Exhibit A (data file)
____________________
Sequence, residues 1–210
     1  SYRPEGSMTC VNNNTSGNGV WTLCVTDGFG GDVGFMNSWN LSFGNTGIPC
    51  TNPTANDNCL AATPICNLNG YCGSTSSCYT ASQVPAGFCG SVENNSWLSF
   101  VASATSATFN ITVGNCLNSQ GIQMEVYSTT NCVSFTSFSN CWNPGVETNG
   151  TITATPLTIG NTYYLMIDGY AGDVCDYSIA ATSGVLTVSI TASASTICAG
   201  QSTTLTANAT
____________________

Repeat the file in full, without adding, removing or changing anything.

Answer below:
Sequence, residues 1–210
     1  SYRPEGSMTC VNNNTSGNGV WTLCVTDGFG GDVGFMNSWN LSFGNTGIPC
    51  TNPTANDNCL AATPICNLNG YCGSTSSCYT ASQVPAGFCG SVENNSWLSF
   101  VASATSATFN ITVGNCLNSQ GIQMEVYSTT NCVSFTSFSN CWNPGVETNG
   151  TITATPLTIG NTYYLMIDGY AGDVCDYSIA ATSGVLTVSI TASASTICAG
   201  QSTTLTANAT